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‘Broken system’ for state worker injuries is costing RI taxpayers millions

Target 12

Courtrooms short-staffed due in part to high number of injured sheriffs

PROVIDENCE, R.I. (WPRI) – In 2009, Rhode Island’s state Retirement Board ruled unanimously that Deputy Sheriff Patricia Patterson didn’t qualify for an accidental disability pension based on an injury she had sustained three years earlier.

Yet when the case was later reviewed by a Workers’ Compensation Court judge, he decided Patterson wasn’t ready to go back to work in a courtroom.

Stuck in limbo, Patterson has collected more than $563,000 tax-free since she first filed an injury claim in 2006. A Target 12 review of court records as well as interviews with state officials and Patterson’s attorney show her case has now gone untouched for more than eight years.

And she’s not alone.

In September, the state denied Target 12’s request for the names of sheriffs who were on injured-on-duty status, or IOD, collecting their full pay untaxed. Records showed 23 of 179 sheriffs were out at the time on IOD, a far higher rate than in other law-enforcement agencies. (Officials say 18 are on IOD now.)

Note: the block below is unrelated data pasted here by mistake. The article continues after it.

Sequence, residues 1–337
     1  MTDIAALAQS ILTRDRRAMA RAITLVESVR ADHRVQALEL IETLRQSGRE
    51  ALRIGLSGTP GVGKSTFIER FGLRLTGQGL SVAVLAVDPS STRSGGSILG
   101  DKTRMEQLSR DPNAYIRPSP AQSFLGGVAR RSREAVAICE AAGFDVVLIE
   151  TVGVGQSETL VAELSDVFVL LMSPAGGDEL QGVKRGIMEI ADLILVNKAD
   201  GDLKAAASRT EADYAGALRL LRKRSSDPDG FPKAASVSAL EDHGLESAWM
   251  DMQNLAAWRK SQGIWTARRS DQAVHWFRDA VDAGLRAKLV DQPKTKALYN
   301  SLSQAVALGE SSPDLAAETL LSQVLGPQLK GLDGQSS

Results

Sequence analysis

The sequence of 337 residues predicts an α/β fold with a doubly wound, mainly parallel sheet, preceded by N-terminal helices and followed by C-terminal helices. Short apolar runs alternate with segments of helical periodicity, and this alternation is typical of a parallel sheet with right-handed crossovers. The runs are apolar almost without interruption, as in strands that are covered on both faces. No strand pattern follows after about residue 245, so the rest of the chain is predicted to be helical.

The R.I. Department of Public Safety denied Target 12’s appeal to release the names, but the Department of Administration — which manages worker injury claims — ultimately relented, releasing the identities of 16 sheriffs whose cases are, or had been, in Workers’ Compensation Court.

The revelation provides a window into a system that has perpetuated a critical staffing shortage in Rhode Island courtrooms, which Superior Court Presiding Justice Alice Gibney has warned is delaying hearings and risking an unsafe environment.

Longest-running case

In November 2006, Patterson said she was assaulted by a handcuffed inmate who kneed her in the groin and struck her head, according to court records. Over the next five years her case was in and out of Workers’ Compensation Court, with multiple doctors weighing in on her diagnosis.

Her attorney, Michael St. Pierre, said over the course of that period every doctor who reviewed Patterson’s case eventually agreed she no longer suffered from any physical injuries due to the incident, but they disagreed over whether she has anxiety and post-traumatic stress disorder as a result.

One doctor wrote that while Patterson appeared to have some PTSD symptoms immediately after the incident, “none of that is evident at this moment.”

Another wrote, “in my opinion, she is able to work.”